This came in this morning from Gary Price over at Resourcesshelf.com:
"Google Generation" is a Myth, Says New Research
Google is in the title but that’s an attention grabber. The primary focus of the report is about younger people and access to info.
"A new report, commissioned by JISC and the British Library, counters the common assumption that the Google Generation — young people born or brought up in the Internet age – is the most adept at using the web."
The report, which Gary links to in his post, is worth a good, long look, especially if you are wondering why your bibliographic database instruction sessions don’t go quite the way you hoped more often that you’d like. The reason why kids today don’t do much better at database searching than anyone else is a complicated one, but if I had to make a snap guess I’d say because kids today (in my experience, of course, as everything on this blog is in my experience) don’t generally have much in the way of programming skills, or very much skill with systems analysis, logic, deductive reasoning, or–perhaps especially–curiosity about how the darned thing works.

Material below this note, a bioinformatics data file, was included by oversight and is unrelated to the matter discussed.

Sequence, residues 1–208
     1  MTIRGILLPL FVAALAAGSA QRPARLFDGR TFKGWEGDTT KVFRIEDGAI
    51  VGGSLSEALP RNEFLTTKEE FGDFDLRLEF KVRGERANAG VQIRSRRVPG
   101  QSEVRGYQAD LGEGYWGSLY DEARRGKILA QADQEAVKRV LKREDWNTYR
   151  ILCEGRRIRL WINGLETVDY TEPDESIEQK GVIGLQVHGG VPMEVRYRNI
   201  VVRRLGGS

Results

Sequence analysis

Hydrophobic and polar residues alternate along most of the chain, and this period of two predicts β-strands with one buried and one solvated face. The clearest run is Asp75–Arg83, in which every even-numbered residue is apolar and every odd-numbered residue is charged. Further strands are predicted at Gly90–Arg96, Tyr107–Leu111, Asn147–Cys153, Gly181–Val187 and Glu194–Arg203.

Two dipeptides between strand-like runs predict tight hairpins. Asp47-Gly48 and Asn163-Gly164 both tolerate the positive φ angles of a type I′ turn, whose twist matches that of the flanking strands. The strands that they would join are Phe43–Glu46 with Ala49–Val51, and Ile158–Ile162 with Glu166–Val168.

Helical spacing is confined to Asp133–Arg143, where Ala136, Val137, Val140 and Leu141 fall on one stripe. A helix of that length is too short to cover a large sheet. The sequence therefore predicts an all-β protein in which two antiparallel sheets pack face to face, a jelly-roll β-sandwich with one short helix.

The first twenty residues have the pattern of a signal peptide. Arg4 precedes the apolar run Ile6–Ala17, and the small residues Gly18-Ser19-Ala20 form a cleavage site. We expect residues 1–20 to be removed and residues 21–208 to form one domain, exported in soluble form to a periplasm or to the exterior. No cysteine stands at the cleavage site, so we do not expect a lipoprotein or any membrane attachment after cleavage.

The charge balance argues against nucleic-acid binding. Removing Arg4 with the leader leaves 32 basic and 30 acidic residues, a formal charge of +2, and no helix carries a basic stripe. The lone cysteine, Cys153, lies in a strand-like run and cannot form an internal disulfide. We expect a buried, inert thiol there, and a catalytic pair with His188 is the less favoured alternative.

There’s more to be said about this–a lot more, and I’d like to come up with a more substantial post regarding the whirlwind that’s spinning around my brain right now–but read the report first. Two things strike me as being worthy of further discussion: first, why some knowledge of cataloging can make a real difference in crafting top notch search strategies, and second, why ease of use does not necessarily imply usefulness. More on those topic (I hope) tomorrow.
Anyway, read the report. Enjoy!